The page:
Award Recognizes Dean's Efforts to Improve Diversity, Equity and Inclusion in Computing
Georgia Tech Dean of Computing Charles Isbell is being recognized for his efforts to advance diversity, equity, and inclusion (DEI) in computing.
The Computer Research Association (CRA) announced this week that Isbell is the 2023 recipient of the CRA A. Nico Habermann Award.
“Over the course of three decades, Isbell has been a persistent force in broadening participation in computing. Isbell has developed wide-spread support across communities for meaningful action on broadening participation,” the organization said in a statement released on March 6.
An Atlanta native and Georgia Tech alumni, Isbell (CS 90) has done much throughout his career to make computer science (CS) and computing more accessible for women, minorities, and others from underserved communities.
“I’m honored to receive this recognition from CRA and the computing community. It’s a true privilege for me to work with others on the sometimes-unnoticed, but longstanding institutional barriers that keep so many from all computing can offer them, and allow them to offer in return,” said Isbell.
Among his achievements, Isbell played a key role in establishing the Diversifying Leadership in the Professoriate Alliance. The alliance is funded by the National Science Foundation (NSF) and works to increase the number of CS and computing faculty from diverse backgrounds.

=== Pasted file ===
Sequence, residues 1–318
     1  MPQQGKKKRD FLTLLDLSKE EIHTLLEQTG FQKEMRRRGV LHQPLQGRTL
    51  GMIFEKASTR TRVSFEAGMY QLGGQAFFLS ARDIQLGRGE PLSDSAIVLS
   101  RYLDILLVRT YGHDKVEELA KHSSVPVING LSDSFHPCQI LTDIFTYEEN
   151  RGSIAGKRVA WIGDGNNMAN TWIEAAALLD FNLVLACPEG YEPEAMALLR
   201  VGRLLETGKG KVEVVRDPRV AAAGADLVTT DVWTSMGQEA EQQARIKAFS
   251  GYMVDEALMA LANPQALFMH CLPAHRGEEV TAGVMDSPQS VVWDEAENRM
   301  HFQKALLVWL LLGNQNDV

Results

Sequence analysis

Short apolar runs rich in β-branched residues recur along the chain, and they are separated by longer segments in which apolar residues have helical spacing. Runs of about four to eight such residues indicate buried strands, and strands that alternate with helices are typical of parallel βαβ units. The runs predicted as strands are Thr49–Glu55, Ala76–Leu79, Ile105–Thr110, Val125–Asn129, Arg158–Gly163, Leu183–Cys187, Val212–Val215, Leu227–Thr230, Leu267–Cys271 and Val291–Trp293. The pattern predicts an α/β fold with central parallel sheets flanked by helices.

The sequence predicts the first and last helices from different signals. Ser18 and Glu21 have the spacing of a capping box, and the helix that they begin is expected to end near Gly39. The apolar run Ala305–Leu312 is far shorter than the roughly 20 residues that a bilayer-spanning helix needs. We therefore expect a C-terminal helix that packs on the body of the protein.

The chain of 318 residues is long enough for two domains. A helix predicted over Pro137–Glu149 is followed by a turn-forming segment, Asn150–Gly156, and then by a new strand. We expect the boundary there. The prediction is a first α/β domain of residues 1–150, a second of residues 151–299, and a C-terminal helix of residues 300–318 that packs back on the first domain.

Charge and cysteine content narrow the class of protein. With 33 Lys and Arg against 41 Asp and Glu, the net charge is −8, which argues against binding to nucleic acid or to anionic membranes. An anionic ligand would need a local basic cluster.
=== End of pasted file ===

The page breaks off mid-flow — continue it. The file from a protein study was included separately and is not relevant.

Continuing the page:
Isbell has served on the NSF’s Computer & Information Science & Engineering Directorate Advisory Committee. In this role, Isbell helped to develop and implement a strategic plan that has been credited with expanding access and participation. The plan has been particularly effective in building diversity in computing research.
Closer to home, Isbell conceived and co-founded the Constellations Center for Equity in Computing at Georgia Tech during his time serving as the College’s associate dean. The center was established in 2017 with the goal of democratizing CS education. The center’s mission is to ensure that all students—especially students of color, women, and others underserved in K-12 and post-secondary institutions—have access to quality CS education.
Isbell, as dean, implemented a plan to broaden minority participation in the College. Along with specific goals for community outreach and increasing faculty engagement, the plan called for a DEI leadership position to be created within the College. This goal was met last year when Isbell named Cedric Stallworth as the College’s inaugural associate dean for DEI.
The CRA award honors the late A. Nico Habermann, who headed NSF’s Computer and Information Science and Engineering Directorate and was deeply committed to increasing the participation in computing and tech of people from underserved groups that have been traditionally marginalized and denied access.